To get a better idea of how all this works, check out these two images I made on closed and open loops in the ECM. This was for a Harley forum but the principle applies here too. This is just a very basic overview on what's going on with our ECMs:
HOWEVER, This learning has nothing to do with spark. This is only fuel. Our ECMs are designed to run our cars optimally on 91 octane or higher fuel. When you do this, you should see no knock and when the ECM sees no or only sporadic unpredictable knock (which is defined as false knock) it runs on a spark advance table called "Good Fuel Spark Table". This is your basic spark table and determines how much spark advance the ECU bases it's spark calculations on. Now, whenever you see knock, false or otherwise, the ECM will pull timing (reducing performance) to try and combat this knock. With False knock, because the knock is usually just there and gone, this timing comes back very quickly. With real knock though, the timing will come back more slowly as knock is reduced. The worse the real knock, the longer it takes the ECM to add it back in.
However, if you have knock consistently, the ECM will switch over to what it calls the "Bad Fuel Spark Table". This table has lower timing across the board. Remember, these Good Fuel and Bad Fuel spark tables are the base spark advance table your ECM uses before adding or subtracting timing for various conditions. Thus if you run on the Bad Fuel Spark table, your timing will always be less than if you're on the Good Fuel Spark table.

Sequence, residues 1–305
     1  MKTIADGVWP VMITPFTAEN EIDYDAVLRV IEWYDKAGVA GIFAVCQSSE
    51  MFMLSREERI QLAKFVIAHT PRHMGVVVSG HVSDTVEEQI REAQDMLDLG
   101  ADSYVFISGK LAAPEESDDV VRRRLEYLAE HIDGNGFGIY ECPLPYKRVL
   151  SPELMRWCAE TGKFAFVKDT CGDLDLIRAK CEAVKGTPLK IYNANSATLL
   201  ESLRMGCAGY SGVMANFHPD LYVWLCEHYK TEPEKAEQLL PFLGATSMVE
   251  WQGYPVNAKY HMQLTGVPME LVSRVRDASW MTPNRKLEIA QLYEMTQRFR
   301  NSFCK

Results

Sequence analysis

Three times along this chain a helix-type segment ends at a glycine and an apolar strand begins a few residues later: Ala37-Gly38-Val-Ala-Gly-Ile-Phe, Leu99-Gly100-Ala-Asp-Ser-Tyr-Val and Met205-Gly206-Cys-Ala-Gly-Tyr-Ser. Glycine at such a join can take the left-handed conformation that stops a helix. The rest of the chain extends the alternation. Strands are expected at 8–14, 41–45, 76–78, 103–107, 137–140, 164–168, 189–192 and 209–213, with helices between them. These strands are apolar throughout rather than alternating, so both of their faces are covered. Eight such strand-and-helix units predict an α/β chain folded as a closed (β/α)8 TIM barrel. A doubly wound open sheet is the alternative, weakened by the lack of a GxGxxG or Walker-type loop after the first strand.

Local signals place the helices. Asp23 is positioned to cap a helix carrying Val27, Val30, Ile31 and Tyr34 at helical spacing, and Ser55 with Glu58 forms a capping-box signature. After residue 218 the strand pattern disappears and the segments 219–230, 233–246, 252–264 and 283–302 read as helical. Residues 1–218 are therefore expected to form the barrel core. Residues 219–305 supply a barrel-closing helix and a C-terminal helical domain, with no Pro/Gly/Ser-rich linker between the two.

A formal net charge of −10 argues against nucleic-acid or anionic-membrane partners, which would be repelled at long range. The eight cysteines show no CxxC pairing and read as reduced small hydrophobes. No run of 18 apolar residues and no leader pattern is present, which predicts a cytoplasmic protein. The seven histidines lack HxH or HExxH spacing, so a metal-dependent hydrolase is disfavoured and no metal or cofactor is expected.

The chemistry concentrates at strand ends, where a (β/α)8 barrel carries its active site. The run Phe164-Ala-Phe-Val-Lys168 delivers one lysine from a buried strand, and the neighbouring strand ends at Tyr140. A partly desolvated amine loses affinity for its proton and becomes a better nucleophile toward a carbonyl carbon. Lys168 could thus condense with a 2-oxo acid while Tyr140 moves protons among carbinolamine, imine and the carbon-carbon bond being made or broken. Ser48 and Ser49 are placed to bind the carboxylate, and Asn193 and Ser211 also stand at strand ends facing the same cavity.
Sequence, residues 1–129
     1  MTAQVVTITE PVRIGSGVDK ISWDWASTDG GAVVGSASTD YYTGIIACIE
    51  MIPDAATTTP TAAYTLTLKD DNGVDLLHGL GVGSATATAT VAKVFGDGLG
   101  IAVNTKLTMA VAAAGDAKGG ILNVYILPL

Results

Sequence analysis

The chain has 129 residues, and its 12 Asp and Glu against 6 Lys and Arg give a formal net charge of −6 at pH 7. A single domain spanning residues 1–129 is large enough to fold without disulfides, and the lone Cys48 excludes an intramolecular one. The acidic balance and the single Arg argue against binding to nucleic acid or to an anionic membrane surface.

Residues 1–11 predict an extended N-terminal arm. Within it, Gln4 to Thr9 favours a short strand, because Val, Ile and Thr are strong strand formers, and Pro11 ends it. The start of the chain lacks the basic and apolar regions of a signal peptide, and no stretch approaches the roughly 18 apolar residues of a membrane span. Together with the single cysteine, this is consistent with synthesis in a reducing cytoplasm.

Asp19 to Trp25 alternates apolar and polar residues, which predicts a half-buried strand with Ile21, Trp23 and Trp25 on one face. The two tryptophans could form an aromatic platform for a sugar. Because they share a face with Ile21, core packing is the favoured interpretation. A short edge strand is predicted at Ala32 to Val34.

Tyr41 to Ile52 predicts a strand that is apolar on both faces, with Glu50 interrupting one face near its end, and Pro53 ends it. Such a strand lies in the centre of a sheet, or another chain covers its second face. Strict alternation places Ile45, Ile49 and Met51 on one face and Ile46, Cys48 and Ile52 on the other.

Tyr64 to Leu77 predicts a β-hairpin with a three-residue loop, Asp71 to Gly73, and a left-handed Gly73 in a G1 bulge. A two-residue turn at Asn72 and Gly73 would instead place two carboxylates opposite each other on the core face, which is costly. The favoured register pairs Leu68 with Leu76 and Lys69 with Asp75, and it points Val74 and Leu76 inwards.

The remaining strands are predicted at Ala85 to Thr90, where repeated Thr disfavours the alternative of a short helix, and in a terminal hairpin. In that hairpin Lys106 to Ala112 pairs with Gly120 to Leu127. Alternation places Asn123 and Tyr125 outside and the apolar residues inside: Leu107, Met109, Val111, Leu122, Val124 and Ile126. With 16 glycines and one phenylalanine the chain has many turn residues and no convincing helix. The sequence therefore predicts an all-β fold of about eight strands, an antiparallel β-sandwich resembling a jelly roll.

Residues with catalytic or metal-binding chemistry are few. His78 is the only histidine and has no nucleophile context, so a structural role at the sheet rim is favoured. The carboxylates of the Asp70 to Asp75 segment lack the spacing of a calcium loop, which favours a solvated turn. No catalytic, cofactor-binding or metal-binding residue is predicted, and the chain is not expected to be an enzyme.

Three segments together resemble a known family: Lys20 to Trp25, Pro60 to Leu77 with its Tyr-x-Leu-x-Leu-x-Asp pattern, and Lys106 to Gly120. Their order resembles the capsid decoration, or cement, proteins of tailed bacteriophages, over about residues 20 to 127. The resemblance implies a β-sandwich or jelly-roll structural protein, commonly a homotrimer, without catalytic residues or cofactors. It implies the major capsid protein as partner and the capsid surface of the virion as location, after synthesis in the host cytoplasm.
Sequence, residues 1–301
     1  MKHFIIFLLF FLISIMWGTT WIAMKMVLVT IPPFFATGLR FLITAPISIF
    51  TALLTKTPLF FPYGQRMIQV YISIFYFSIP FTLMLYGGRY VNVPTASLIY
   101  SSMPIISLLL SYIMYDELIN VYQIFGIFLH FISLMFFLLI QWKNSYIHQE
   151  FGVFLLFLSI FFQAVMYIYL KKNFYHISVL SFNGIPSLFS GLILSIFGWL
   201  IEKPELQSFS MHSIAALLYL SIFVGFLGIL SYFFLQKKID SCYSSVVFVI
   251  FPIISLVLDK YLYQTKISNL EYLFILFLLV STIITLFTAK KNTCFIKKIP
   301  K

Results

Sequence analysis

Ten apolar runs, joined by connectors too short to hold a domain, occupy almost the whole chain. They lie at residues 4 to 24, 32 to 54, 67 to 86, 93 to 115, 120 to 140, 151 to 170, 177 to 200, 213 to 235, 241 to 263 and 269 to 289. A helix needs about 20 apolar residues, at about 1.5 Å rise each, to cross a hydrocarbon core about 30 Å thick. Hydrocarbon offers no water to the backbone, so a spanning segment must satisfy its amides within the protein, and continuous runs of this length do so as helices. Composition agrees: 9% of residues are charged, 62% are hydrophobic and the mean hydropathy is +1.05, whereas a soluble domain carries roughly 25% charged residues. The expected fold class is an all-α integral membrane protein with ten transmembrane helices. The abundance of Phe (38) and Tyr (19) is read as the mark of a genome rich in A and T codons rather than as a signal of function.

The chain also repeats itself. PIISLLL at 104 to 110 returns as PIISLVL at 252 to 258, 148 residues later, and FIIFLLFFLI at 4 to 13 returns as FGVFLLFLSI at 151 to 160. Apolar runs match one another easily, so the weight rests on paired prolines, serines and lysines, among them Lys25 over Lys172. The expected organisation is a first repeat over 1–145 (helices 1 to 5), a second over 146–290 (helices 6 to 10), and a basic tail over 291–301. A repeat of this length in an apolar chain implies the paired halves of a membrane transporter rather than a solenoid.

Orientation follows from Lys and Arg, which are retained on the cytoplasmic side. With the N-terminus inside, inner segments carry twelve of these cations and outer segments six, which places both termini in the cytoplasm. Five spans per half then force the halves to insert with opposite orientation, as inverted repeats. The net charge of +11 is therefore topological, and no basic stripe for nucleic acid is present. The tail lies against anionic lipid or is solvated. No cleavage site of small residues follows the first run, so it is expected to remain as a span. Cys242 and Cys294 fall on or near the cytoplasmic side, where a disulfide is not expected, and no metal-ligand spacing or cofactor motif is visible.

Running your car on anything other than 91+ octane will put you on the Bad Spark Table. This is why our engines are "recommended" to run on 91+. If you run on 91+, you get the Good Fuel Spark table and get more performance. If you run on less than 91+, the car isn't going to get damaged but it is going to run on the Bad Fuel Spark Table and the reduced performance that goes along with that.
So if he is running on 89 octane, it may be a safe assumption the ECM is "pulling timing" because it should be running on the Bad Fuel Spark table. This also means just scanning for knock may not tell us anything. If the car is running on the Bad Fuel Spark table and it's lower spark advance numbers to start with, the car may not be seeing any knock...and thus the Bad Fuel Spark Table is giving us the results is should be giving us, no knock when running on fuel with an octane lower than 91. We need to see the spark advance commanded to get an idea of what table his ECM is running on.
I will also add that running on 89 octane is the worst decision you can make. It's more expensive than 87 but gives you 0 performance benefits over 87. Run 87 or 91+...and with the turbo motors you really only want to run 91+.
Dropping your boost to 13 psi though is related to neither of these things. That sounds like your ECM is pulling boost for some reason...or you have some other issue that's causing a loss of boost pressure...though usually that's an all or nothing kind of thing if you're not getting some kind of engine code along with the lower performance.